Create a tiered program where loyal customers who spend more get more valuable rewards, from accelerated earning to exclusive promotions.
Targeted Offers and Rewards that are Highly Relevant
Personalize your offers and rewards to customers’ interests and preferences.
#2 SEND ENGAGING EMAILS TO YOUR EXISTING CUSTOMERS
If purchase frequency, additional services, or long-term commitment is the backbone of customer retention, email campaigns can help accomplish this. Emails allow you to continue building relationships with your customers before and after their initial purchase. It’s critical that each message you send adds value to your customer’s experience. If it doesn’t, you run the risk of losing them. Create a target email campaign that’s personalized to their interest OR additional services or products that would benefit them.
A great way to get started is with follow-up emails. A week after a customer’s first purchase, send them an email thanking them for their business. This type of acknowledgment helps customers feel good about their decision to buy from you and makes your brand more approachable.
Consider Using the Following Types of Email Campaigns to Leverage Your Existing Customers:
This offer is available to everyone, regardless of other demographic data or past purchases. If you offered a 10% discount on X service or product to existing customers, that would be considered a mass offer. It’s a good way to remind customers that you value their business.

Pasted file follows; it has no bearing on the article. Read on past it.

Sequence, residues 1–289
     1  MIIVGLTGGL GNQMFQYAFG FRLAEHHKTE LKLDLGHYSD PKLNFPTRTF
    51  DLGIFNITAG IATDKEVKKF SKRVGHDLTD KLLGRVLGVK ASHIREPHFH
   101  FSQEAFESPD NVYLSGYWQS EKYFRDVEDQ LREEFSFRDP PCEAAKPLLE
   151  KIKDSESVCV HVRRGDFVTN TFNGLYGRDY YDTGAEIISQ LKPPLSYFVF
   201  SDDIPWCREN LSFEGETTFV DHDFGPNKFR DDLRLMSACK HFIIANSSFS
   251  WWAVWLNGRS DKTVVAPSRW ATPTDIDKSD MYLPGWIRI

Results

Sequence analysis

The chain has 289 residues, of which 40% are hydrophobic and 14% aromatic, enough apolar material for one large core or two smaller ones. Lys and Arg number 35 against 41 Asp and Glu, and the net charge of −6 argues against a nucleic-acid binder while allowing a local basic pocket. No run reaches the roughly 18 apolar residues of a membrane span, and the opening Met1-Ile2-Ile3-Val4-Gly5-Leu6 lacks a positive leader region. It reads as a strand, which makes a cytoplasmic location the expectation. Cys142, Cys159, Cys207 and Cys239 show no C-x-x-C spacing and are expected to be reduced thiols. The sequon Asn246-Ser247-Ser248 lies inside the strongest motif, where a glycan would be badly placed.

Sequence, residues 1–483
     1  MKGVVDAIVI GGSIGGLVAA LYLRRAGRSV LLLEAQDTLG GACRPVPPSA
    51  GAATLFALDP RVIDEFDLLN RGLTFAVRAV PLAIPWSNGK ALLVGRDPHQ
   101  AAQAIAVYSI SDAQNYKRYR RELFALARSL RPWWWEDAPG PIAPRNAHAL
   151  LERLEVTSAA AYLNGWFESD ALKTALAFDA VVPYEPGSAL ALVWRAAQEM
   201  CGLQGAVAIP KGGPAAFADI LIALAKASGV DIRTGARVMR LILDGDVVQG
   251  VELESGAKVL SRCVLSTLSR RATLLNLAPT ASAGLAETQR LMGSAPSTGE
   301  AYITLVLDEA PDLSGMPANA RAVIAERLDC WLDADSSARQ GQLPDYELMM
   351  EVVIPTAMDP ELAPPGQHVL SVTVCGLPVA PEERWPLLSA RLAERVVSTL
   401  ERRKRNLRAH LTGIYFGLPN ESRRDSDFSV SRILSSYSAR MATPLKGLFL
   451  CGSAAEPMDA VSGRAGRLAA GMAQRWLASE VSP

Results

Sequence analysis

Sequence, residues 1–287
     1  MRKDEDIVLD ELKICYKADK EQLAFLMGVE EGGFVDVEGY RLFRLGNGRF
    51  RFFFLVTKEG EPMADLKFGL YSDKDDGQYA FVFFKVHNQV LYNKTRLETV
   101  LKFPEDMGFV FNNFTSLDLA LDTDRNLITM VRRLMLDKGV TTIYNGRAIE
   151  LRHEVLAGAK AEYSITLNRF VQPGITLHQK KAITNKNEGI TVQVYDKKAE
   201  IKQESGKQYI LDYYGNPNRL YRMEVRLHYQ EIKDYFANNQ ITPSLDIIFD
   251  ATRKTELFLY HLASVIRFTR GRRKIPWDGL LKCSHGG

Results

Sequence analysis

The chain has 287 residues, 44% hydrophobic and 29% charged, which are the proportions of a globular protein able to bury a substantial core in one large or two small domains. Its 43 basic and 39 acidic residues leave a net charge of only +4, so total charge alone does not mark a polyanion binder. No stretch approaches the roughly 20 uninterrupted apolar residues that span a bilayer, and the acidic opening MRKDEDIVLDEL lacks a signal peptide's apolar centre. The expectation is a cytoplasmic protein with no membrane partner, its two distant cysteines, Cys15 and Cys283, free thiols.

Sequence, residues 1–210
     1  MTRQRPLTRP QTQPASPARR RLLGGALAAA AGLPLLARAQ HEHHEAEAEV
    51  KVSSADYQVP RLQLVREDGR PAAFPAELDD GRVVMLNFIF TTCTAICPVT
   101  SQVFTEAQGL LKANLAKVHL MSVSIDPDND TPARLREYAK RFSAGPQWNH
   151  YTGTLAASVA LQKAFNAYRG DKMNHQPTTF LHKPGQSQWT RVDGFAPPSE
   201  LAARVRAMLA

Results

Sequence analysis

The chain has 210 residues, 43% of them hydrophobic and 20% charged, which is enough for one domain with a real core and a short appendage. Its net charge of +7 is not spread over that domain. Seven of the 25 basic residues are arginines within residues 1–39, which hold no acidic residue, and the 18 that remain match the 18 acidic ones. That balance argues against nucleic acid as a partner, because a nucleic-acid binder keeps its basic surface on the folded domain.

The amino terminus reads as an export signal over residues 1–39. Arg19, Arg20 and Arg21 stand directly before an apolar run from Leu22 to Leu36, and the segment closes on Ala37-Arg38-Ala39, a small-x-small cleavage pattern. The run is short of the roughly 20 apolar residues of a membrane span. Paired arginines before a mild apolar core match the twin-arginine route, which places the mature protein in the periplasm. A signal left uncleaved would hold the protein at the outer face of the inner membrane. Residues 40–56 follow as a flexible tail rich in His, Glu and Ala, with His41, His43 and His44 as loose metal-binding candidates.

Segmented or Targeted Offer
With a segmented or targeted offer, the customer base is segmented into groups based on a particular data point. Each group member is eligible for a specific offer and may have group-specific messaging. This gives a small level of personalization but does not truly take individual preferences into account when building the offer. It can be based on location, certain attributes (i.e., veterans), etc.
This offer is individualized for the consumer with unique actions and rewards based on the consumer’s preferences and purchase history. This could be by making additional product or service recommendations or promotions on upgrades to their existing package or service. Well-timed emails can be perfect incentives for delivering the right answer at the right time to your existing customers. It can also be a great way to bring back dormant customers you want to bring back.
#3 CREATE A SMOOTH PROCESS
First impressions are everything. After the initial excitement of getting the new product or acquiring the new service, most customers will default back to the first experience they had with your brand. If it is positive, they’re much more likely to stick around.
Elements that create a solid customer experience:
Have a Solid Onboarding Process
This can set you up for success for years to come. It should be personalized (as much as possible), hands-on, and focus on removing as much friction as possible. Setting realistic expectations is important if you’re trying to improve your customer retention rate – it can hugely impact your business’s ability to keep customers.
Anticipate Common Questions